Early Music Theory

The Early Music Theory website has been set up as an evolving scholarly resource dedicated to a variety of issues relating to the notation and intellectual context of music in the medieval and early modern period, as well as to the inter-relationships beween these issues and musical performance and composition.

We hope that this open-access resource will gradually become an online focus for a wide range of high-quality material relevant to musicologists, historians and performing musicians with a serious interest in such areas of study. If you are involved, either as an academic researcher or musical practitioner, in areas of early music that impinge especially on theory and notation, or their wider historical, compositional or performance contexts, and you wish to propose material for inclusion on this site, please feel free to contact us.

The Complete Theoretical Works of Johannes Tinctoris: A New Digital Edition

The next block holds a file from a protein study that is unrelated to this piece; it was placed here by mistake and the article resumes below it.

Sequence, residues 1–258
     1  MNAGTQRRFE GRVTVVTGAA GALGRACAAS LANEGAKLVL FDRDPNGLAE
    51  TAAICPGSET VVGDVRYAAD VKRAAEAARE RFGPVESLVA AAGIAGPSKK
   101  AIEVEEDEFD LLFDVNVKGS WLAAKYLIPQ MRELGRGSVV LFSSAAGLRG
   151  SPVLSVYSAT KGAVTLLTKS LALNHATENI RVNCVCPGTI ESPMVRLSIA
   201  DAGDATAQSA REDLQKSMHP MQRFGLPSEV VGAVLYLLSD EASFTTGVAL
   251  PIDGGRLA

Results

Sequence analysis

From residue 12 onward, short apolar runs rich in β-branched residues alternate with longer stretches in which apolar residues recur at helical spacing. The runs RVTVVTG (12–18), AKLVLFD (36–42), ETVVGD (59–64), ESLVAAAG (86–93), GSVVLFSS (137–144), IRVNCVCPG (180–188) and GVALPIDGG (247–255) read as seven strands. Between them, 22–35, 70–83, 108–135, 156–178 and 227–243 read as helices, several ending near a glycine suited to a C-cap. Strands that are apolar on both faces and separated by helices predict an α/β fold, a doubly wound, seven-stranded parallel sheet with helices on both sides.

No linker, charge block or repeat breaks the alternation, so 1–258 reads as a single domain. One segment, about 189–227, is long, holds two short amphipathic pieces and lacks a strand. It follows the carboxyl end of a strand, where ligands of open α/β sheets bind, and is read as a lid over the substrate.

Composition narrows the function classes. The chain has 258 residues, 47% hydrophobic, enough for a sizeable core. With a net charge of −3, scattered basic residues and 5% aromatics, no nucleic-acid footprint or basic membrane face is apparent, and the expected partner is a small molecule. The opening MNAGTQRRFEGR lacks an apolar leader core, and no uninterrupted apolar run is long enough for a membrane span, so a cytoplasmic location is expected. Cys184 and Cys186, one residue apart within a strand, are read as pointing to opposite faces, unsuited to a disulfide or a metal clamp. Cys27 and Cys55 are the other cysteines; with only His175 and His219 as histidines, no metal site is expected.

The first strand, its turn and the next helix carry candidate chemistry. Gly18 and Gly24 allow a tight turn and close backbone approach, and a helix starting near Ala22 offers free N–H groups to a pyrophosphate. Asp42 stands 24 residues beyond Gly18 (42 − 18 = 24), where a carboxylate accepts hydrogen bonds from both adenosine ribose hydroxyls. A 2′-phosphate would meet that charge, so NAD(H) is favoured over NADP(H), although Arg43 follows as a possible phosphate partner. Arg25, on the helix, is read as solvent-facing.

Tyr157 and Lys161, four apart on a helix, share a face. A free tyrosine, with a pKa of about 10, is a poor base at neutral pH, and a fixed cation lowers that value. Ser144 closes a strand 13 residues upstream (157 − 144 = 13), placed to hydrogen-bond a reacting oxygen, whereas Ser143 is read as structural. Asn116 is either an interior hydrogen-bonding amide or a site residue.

The first theorist to inhabit this space is the fifteenth-century musician and lawyer Johannes Tinctoris (c. 1435-1511), whose life and works have been the subject of the ongoing research of the site’s founding editor, Ronald Woodley. A new edition of Tinctoris’s complete theoretical writings is being constructed here, resulting from a project funded by the Arts & Humanities Research Council UK and developed by a research team from Birmingham Conservatoire (Ronald Woodley, Jeffrey Dean and David Lewis).

The legacy version of the Tinctoris project, hosted by The Stoa Consortium, is still available, but in due course it will be subsumed completely within the new site.

Ronald Woodley
Project Director

November 2013


Professor Ronald Woodley
Research Department
Birmingham Conservatoire
Birmingham City University
Paradise Place
Birmingham B3 3HG
UK

Opening from de diversis monochordis etc
An opening from De diversis monochordis etc. in Ghent, Universiteitsbibliotheek, MS 70, copied in Ghent by Anthony van Sint-Maartensdijk, before 8 November 1503.